Fr. Charles Irvin
Genesis 18:1-10; Colossians 1:24-28; Luke 10:38-42
The readings for Sunday Masses are always carefully chosen presenting us with a link, a theme, or a concept that joins the First Reading with the Gospel account. The challenge for the homilist is to find that linkage and then apply it to our daily lives.
In today’s readings the theme that comes to my mind is that of hospitality, hospitality in the sense of personal presence, an openness of heart that allows guests into the home of our hearts and souls. In my years of pastoring souls I have come to recognize that the way we treat others is the way we treat God and the way we treat God is the way we treat others. The Gospel account of Martha and Mary and the Old Testament account of Abraham meeting God in his three guests give us an occasion to examine the notion of personal presence to others, and our personal presence to God in Christ.
Abraham, as you may remember, felt that God was absent from him. After Abraham’s initial experience with God we find him today in his old age. Unable in her younger years to have a child, Sarah in her old age was now obviously sterile. Yet Abraham was constantly aware of God’s promise that he would be the father of a nation of people dedicated to God, a nation as numerous as grains of sand along the shores of the world’s oceans. Abraham was also painfully aware that God’s promise was hardly able to be fulfilled, he and his wife Sarah in their old age now being unable to have children. For Abraham, God did not seem to be present. How could God’s promise of numerous children possibly be fulfilled?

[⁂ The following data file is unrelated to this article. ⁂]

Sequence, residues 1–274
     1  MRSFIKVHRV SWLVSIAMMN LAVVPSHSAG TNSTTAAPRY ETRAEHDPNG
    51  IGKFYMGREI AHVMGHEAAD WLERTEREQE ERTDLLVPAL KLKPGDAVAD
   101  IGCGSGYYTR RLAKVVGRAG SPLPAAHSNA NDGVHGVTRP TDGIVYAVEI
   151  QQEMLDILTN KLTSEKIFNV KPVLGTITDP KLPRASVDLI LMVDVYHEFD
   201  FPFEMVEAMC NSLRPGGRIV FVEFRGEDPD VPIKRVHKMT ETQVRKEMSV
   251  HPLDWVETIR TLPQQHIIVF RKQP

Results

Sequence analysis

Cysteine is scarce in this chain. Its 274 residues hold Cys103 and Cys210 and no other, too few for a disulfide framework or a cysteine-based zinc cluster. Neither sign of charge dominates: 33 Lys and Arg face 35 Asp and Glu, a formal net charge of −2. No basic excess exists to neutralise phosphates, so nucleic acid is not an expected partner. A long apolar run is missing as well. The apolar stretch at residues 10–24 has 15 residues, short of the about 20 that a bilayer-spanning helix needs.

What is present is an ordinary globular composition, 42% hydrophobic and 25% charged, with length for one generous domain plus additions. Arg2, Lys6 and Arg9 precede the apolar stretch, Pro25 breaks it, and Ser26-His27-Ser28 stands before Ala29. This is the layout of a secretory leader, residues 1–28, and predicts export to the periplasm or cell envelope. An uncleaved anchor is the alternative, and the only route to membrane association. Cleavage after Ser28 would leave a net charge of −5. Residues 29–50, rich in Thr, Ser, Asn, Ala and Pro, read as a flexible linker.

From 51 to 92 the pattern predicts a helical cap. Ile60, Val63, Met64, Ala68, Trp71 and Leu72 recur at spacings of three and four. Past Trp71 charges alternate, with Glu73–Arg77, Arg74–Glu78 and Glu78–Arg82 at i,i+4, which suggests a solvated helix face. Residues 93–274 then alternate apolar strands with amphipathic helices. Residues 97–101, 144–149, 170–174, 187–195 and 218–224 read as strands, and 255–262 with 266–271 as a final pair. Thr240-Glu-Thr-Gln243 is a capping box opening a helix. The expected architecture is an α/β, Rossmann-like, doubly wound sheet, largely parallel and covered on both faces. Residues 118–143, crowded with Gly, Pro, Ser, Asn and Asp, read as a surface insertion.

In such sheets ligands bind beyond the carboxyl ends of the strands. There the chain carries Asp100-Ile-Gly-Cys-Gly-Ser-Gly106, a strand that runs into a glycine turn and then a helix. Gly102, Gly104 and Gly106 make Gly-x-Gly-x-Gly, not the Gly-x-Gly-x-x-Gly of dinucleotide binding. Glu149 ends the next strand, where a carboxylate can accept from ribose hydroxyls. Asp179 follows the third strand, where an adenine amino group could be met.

The remarkable thing about Abraham was the fact that, in spite of the apparent failure of God to respond to him, in spite of all of the catastrophes and misfortunes he and Sarah had met, in spite of all of the sufferings they had endured, Abraham was still actively searching for the presence of God in his life. He had not given up. He had not been defeated by apparent failure. He was still a pilgrim and a disciple of God. His mind still searched the events of his life for traces of the finger of God writing on the shifting sands of his history. His eyes and his soul were still waiting for the hand of the Lord to give an indication of the presence of God. It was because of this persisting faith that Abraham in his hospitality was able to perceive the presence of God in the three strange men who suddenly appeared in his life. Christians are able to see in them a veiled foreshadowing of the Trinitarian God, the God who said let us make man in our image and likeness, and also a veiled foreshadowing of the three Wise Men from the East who point to the presence of God in our lives.